Stiles on Content: Can Brands Get Famous?

Mike Stiles

It seems like everyone wants to be famous these days.  People dream of being actors, actresses, singers, athletes, whatever will lift them above the masses and establish them as something special, something above and beyond the norm.  They want the public to love them so much they’ll follow their every move with rapt attention, seek out and purchase every product that’s theirs or that has their name attached to it, and read every word written about them.  They want to be dominant in hearts and minds.

Ben Lashes is a meme manager, an agent for Internet stars of the Internet.  He reps memes like Keyboard Cat, Nyan Cat and Scumbag Steve, as well as their creators.  His belief is that the people who create Internet phenomena are stunned by, and not accustomed to, the sudden fame that comes their way.  They don’t know how to represent themselves when dubious operations start using, without pay or permission, their content.  He says, “Anything you can’t do to Mickey Mouse, you shouldn’t be able to do to memes.”  But, whereas huge corporate entities like Disney develop content slowly and methodically, the digital content being generated by all the twisted minds out there gets created, posted and discovered in a flash…unencumbered.

George Takei had plenty of fame as “Star Trek’s” Sulu.  But his digital antics have taken his persona and fame into a current and relevant arena that goes far beyond appearances at the occasional Trek convention.  His funny photos and memes get crazy engagement levels, even beating out Rihanna, the most liked person on Facebook.  He has 1,624,780 likes on Facebook and 348,019 Twitter followers.  If a post gets 50,000 likes and 30,000 shares, that’s not an aberration, it’s par for the course.  Takei has extended his fame by reinventing himself as a social celebrity.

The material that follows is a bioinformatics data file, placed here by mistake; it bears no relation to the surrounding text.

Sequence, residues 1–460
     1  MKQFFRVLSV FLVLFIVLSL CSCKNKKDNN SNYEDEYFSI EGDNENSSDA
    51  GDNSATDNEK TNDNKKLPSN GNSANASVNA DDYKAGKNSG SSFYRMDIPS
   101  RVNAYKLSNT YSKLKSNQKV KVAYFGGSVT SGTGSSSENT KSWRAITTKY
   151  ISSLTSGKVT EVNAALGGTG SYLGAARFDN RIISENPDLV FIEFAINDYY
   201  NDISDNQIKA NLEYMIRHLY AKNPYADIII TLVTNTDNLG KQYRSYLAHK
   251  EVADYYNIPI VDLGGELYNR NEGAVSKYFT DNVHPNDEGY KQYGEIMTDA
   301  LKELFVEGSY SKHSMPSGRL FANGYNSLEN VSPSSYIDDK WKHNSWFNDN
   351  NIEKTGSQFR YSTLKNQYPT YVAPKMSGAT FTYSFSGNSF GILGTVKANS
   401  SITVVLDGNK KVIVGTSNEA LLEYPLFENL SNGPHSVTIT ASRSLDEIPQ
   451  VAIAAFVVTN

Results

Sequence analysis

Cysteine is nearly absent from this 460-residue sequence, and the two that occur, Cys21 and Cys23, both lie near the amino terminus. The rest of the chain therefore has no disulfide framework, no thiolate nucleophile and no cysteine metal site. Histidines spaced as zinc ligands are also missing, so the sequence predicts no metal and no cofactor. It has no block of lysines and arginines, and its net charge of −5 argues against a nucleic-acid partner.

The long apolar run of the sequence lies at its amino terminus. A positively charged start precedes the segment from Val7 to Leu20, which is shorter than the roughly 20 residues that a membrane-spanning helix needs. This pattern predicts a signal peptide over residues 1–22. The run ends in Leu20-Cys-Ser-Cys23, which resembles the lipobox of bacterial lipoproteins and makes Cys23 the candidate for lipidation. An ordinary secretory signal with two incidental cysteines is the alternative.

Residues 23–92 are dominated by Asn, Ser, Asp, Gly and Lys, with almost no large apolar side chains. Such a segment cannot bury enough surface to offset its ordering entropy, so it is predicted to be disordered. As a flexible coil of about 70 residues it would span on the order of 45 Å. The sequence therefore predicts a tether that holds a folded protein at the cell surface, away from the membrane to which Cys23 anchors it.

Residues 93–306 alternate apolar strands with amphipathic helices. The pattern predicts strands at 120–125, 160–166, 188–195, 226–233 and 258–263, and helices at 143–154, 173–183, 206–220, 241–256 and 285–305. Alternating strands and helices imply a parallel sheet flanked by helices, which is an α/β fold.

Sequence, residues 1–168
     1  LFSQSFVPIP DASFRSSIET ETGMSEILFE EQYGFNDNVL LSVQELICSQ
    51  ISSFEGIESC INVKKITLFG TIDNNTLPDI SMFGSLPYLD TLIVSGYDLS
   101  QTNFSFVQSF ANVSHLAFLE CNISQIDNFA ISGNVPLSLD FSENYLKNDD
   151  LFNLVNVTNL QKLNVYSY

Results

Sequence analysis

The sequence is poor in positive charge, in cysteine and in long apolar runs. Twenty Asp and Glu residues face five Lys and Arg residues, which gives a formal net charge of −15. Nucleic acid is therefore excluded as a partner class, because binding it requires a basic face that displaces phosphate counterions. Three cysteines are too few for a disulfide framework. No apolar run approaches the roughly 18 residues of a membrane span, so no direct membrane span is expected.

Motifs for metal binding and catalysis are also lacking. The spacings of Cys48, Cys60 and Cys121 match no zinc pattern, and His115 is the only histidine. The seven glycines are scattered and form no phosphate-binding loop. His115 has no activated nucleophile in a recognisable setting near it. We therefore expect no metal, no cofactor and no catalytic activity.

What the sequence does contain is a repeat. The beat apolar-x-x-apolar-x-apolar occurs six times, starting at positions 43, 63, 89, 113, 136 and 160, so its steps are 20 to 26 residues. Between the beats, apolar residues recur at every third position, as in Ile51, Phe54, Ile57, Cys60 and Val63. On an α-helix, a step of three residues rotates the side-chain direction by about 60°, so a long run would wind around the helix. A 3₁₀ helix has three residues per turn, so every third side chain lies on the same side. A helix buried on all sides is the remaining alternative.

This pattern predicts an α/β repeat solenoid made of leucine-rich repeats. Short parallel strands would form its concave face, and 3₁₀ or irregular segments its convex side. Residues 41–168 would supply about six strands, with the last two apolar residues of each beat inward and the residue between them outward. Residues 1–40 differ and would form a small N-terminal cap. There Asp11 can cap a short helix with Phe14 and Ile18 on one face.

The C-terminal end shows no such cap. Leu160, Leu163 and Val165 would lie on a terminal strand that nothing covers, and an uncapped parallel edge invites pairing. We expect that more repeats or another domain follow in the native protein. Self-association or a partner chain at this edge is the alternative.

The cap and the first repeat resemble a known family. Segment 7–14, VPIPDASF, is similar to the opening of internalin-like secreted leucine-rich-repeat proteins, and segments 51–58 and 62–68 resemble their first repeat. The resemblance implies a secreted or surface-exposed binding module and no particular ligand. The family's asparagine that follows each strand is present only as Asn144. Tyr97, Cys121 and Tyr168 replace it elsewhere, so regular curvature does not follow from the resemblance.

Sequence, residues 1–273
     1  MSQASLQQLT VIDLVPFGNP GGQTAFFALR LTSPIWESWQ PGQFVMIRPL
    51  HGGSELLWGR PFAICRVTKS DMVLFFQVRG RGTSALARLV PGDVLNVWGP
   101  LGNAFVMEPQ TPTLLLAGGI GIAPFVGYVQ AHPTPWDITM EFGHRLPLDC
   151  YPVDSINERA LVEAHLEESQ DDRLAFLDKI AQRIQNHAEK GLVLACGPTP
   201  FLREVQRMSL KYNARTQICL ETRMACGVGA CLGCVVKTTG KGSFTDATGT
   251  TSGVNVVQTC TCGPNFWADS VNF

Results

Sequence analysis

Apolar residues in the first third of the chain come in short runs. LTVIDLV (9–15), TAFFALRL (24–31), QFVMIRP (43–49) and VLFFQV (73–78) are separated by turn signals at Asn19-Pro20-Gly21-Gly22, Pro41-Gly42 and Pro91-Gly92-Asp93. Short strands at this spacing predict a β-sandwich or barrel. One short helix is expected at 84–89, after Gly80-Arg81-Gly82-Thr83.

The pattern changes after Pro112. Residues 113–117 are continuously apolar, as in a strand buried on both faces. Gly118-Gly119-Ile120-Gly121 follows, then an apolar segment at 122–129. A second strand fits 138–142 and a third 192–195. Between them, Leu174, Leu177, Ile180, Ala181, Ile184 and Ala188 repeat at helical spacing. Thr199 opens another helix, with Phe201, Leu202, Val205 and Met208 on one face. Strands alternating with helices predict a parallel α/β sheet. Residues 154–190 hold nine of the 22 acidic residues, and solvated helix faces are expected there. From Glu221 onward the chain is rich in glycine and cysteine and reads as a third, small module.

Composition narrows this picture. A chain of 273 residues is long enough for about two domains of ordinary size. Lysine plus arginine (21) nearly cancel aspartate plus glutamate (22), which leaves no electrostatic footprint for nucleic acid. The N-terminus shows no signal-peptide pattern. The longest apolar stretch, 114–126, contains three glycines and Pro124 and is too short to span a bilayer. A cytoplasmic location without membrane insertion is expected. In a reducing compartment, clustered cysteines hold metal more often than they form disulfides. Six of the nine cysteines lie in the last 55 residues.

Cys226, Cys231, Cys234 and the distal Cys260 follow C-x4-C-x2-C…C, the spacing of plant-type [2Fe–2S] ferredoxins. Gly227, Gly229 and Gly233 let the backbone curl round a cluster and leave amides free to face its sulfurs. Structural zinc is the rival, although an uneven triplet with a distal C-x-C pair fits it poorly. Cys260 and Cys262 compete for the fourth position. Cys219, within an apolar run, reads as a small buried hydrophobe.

Why am I telling you B2B social marketers about these two fellows?  Because they can teach you how to turn your brand into a celebrity.  Many of the same traits and tactics that turn unknowns into celebrities seemingly overnight can be spun and applied to the social platforms to give your brand a taste of fame.  Here are just a few ways you can possibly make it happen.

1. Do something!  You have to do something if you want people to notice you.  It should stand out, be memorable, and get people talking about you.  You can take just about any famous person and trace their fame back to one specific product or moment that “launched” them to fame.  What’s yours going to be?

2. You have to come across as cool, because the opposite of cool is “lame.”  If the content you put out is safe, makes no waves, and isn’t attention getting, then it (and your brand by association), is lame.  You can’t be lame, then expect people to want to be identified with you.

3. Create a culture around your brand.  I’ll go ahead and give you the best example of this there is…Apple.  Apple isn’t just a line of products.  It’s a culture.  It’s a way of life.  Every experience associated with Apple, from their product design to their packaging to their Apple Stores to their Genius Bars, is one of many components that create a culture and aura around the brand.  Your corporate culture has to yield to a much hipper public culture.

4. Have you been struggling to get people to Like your Page on Facebook?  George Takei didn’t “struggle” to get his knockout numbers.  Keyboard Cat didn’t “struggle” to get the attention it got.  Cold hard truth: if people already adore you, getting Liked will be no problem at all.  You won’t be able to stop it.  If the public is reluctant to Like your brand, then the brand has problems that go well beyond what’s happening on its social streams.

5. Getting famous requires guts, risk, a willingness to fall flat on your face, a commitment to pleasing fans, and a burning hunger to leave your competition in the dust.  Sadly, none of these things are very common in or indicative of most corporate cultures.  Never experimenting, being too thin-skinned, not really caring if you get praise or applause from customers…these are all sure paths to total anonymity.

Do you want your brand to be a rock star?  Do you want to hear customers chanting your name?  Do you want to see them standing in line to get your product?  Then you’ve got to do what every show business dreamer has done, do whatever it takes along the way to make it, and don’t stop until you get there.

About the Author

 Mike Stiles is a content specialist, writer, blogger and producer with Vitrue, the leading social relationship management technology platform in the industry.

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